Orion’s European built service module for NASA’s Artemis 1 mission
completed acoustic testing inside the Operations and Checkout Building at
NASA’s Kennedy Space Center in Florida on May 25, 2019. Photo credit: NASA/Frank Michaux
Kremer — SpaceUpClose.com &
RocketSTEM – 12 June 2019
CANAVERAL, FL – The European-built
service module for NASA’s Orion crew spacecraft has completed acoustic testing
inside the Operations and Checkout Building at NASA’s Kennedy Space Center in
Florida as critical work continues apace to prepare the vehicle for launch on
the Artemis 1 mission in late 2020.
NASA hopes to return humans to the surface
of the Moon at the lunar south pole by 2024 on the Artemis 3 mission under new
plans approved by the Trump Administration and announced by VP Mike Pence and NASA
Administrator Jim Bridenstine.
The acoustic testing on the combined
Orion European Service Module (ESM) and
Crew Adapter Module was completed on May 25, 2019 after completing the installation
of all four solar array wings on May 10.
“The tests were the latest step in preparing for the
agency’s first uncrewed flight test of Orion
on the Space Launch System (SLS) rocket,” NASA officials said.
The acoustic tests – called the Direct-Field-Acoustic
Testing (D-FAT) – are run to simulate the extreme noises of a rocket launch and
ensure the spacecraft will survive a real launch on the SLS from KSC Launch
the D-FAT test the service and adapter modules are “surrounded by large
speakers set at full blast to ensure the spacecraft survives the vibrations and
loud noise generated from the Space Launch Systems rocket liftoff.”
engineers are now running functional tests to determine whether the electronics
are still working correctly.
“Technicians will analyze the data
collected during the tests to check for flaws uncovered by the acoustic
environment. During the testing, engineers secured the service
module inside the test cell and then attached microphones, strain
gauges and accelerometers to it. They conducted a series of five tests, with
acoustic levels ranging from 128 to 140 decibels – as loud as a jet engine
European Service Module ESM-1 is the critical ‘powerhouse’ element that will
supply NASA’s human-rated Orion spacecraft with electricity, propulsion, thermal
control, air and water and propel it on its first voyage to the Moon and 40,000 miles (64,000 km) beyond
atop SLS-1 during Artemis-1 from KSC pad 39B.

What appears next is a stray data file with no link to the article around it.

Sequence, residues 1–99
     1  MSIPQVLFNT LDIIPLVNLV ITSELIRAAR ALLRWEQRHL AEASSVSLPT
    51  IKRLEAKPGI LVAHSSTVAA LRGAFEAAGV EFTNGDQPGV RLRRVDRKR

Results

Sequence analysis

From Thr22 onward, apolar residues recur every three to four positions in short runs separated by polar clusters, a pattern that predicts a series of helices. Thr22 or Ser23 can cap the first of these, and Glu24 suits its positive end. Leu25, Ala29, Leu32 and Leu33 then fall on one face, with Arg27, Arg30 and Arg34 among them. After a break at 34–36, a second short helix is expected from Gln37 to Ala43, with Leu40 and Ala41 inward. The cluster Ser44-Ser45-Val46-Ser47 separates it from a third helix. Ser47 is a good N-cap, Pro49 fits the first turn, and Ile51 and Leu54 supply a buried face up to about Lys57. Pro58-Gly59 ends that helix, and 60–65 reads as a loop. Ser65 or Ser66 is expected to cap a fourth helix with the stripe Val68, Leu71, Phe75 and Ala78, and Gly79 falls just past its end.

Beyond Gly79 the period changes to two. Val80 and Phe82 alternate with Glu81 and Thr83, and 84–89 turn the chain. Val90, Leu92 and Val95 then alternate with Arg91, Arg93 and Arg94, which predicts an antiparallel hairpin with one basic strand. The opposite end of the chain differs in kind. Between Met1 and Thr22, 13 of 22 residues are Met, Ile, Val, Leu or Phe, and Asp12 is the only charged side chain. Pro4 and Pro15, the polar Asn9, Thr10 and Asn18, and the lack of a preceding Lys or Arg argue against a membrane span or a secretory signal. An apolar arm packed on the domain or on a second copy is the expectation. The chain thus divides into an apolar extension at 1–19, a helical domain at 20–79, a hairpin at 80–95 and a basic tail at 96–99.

The first European Service Module (ESM-1) built to power NASA’s
Orion crew spacecraft for human voyages to deep space was unveiled at a welcoming
ceremony held at NASA’s Kennedy Space Center (KSC) in Florida in November 2018 –
see our photos – after being transported from Bremen, Germany where it was manufactured
next step this month is for the team to carry out the propulsion functional
test whereby “commands are sent to test the system and ensure everything
interacts as needed” – but not actually fire the engines.
propulsion test firings will be done later at NASA’s test facility in White
Sands, New Mexico.
7-meter long solar wings were removed following the D-Fat test conclusion.
big milestone will be mating of the ESM with the Orion Artemis-1 Crew module in
July into a unified 7.3 meter tall structure the size of a two-story house.
|Orion Artemis-1 crew module under construction at KSC. Credit: Ken Kremer/kenkremer.com/spaceupclose.com|
the Orion Artemis -1 CM/ESM vehicle will be carefully loaded horizontally into
the belly of the ‘Super Guppy’ – NASA’s
one of a kind, gorgeous hybrid aircraft.
The Super Guppy will transport it from the
Kennedy Space Center to NASA’s Plum Brook facility for critical thermal vacuum,
acoustic, electromagnetic testing prior to the uncrewed lunar test flight. Launch on SLS-1 is scheduled
for late 2020.
in the Orion program is slated for July 2 involving the Ascent Abort-2 test from pad 46 on Cape Canaveral Air Force
Station. Watch for our upcoming coverage.
article will launch on a Minotaur 4 booster to more than six miles in altitude,
where Orion’s launch abort system (LAS) will pull the capsule and its crew away
to safety in a split second in a simulated rocket emergency during ascent on
the Space Launch System
the SLS rocket from Kennedy’s Launch Pad 39B. The mission will take Orion
thousands of miles past the Moon on an approximately three-week test flight.
Orion will return to Earth and splashdown in the Pacific Ocean off the coast of
California, where it will be retrieved and returned to Kennedy.
|Artemis 1 mission graphic. Credit: NASA|
Watch for Ken’s continuing
onsite coverage of NASA, SpaceX, ULA, Boeing, Lockheed Martin, Northrop Grumman
and more space and mission reports direct from the Kennedy Space Center, Cape
Canaveral Air Force Station, Florida and Wallops Flight Facility, Virginia.
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– email: ken at kenkremer.com
Dr. Kremer is a research scientist and journalist based in the
KSC area, active in outreach and interviewed regularly on TV and radio about
Ken’s photos are for sale and he is available for lectures and outreach events